McHale replaces Saunders as Wolves coach
The Minnesota Timberwolves today announced that the NBA club has relieved head coach Flip Saunders of his coaching duties and responsibilities. Saunders will be re-assigned within the organization. Timberwolves Vice President of Basketball Operations Kevin McHale will take over the head coaching duties for the remainder of the 2004-05 NBA season.
In nine-plus seasons as head coach of the Timberwolves, Saunders posted a 411-326 record (.558 winning percentage). Saunders, the winningest coach in franchise history, was named head coach on Dec. 18, 1995 after taking over for Bill Blair. He directed the Wolves to a team-best 58-24 mark in 2003-04 that included a first-ever appearance in the Western Conference Finals. On Dec. 1, 2004, Saunders became the eighth person in NBA history to have coached his first 700 games with the same organization. His complete coaching history is listed below.
McHale started his career with the Timberwolves in 1993-94. He has served as a special assistant to the coaching staff (1993-94), broadcast analyst (1993-95) and assistant general manager (1994-95) before moving into his current role as Vice President of Basketball Operations (May 11, 1995). One of his most heralded personnel moves came shortly after he was named to his current post when he selected high-school phenom Kevin Garnett with the fifth overall pick in the 1995 NBA Draft. This will mark the first time McHale has been a head coach in the NBA.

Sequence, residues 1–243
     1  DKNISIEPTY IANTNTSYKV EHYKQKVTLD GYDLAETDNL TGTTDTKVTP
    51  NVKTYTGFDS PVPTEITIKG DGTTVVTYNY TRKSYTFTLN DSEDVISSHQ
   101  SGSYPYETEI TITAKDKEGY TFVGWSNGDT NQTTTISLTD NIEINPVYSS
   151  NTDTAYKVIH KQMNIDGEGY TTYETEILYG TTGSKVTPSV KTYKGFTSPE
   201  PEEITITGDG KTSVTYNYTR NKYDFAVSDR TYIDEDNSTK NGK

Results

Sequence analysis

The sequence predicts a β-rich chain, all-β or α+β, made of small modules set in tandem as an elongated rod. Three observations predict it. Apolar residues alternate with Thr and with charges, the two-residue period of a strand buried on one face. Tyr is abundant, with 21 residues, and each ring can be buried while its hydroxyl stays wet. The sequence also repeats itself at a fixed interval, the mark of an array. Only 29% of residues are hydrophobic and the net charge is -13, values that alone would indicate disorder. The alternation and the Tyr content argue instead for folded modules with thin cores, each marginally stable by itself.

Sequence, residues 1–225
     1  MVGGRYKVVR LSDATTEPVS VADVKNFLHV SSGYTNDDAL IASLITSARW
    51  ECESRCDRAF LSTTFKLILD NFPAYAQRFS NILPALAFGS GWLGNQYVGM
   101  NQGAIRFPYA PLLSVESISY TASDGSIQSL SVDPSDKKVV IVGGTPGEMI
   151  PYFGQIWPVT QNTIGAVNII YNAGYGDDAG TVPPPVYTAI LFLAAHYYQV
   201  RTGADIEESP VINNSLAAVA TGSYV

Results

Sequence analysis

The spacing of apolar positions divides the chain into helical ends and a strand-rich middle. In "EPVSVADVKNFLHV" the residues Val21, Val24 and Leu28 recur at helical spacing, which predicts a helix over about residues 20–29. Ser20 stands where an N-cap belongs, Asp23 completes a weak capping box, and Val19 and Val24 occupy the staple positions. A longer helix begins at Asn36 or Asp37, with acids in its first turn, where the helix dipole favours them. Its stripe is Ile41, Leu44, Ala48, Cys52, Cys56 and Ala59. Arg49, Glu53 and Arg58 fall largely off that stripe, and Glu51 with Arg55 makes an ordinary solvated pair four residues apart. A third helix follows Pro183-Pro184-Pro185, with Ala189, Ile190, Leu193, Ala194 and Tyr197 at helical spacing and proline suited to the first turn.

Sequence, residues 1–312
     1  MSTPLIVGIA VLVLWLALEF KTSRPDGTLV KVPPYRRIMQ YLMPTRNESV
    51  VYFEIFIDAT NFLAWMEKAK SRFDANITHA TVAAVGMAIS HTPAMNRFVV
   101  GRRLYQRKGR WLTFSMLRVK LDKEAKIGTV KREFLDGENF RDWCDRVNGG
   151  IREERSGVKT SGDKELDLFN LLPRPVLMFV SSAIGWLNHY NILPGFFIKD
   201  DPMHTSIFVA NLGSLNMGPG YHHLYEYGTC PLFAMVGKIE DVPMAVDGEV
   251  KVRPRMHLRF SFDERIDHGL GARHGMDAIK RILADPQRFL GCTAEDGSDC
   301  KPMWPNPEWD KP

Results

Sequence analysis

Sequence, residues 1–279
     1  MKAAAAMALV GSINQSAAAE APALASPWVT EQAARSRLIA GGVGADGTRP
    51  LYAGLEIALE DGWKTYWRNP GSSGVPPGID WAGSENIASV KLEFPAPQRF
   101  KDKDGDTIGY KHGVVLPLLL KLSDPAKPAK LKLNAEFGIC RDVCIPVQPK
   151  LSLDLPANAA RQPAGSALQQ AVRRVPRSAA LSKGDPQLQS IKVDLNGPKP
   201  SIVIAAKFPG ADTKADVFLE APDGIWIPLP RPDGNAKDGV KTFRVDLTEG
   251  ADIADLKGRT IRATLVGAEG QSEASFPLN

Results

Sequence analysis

Prior to joining the Timberwolves organization, McHale, a Hibbing, Minn. native, played 13 seasons as a power forward for the Boston Celtics. A first-round selection (third overall) by Boston in the 1980 NBA Draft, McHale helped lead the Celtics to three NBA Championships (1981, 1984, 1986), five Eastern Conference titles and eight Atlantic Division crowns. The 6-10 forward averaged 17.9 ppg and 7.3 rpg in 971 regular-season games. On Oct. 1, 1999, McHale was inducted in the Basketball Hall of Fame. In addition, he was named one of the NBA’s Top 50 Players in league history in 1997.
McHale’s basketball success stems from his roots in Minnesota. He led Hibbing High School to the Minnesota Class AA State Basketball Tournament title game. In college, he posted career averages of 15.2 points and 8.5 rebounds in four seasons at the University of Minnesota, earning first-team All-Big Ten honors in 1979 and 1980.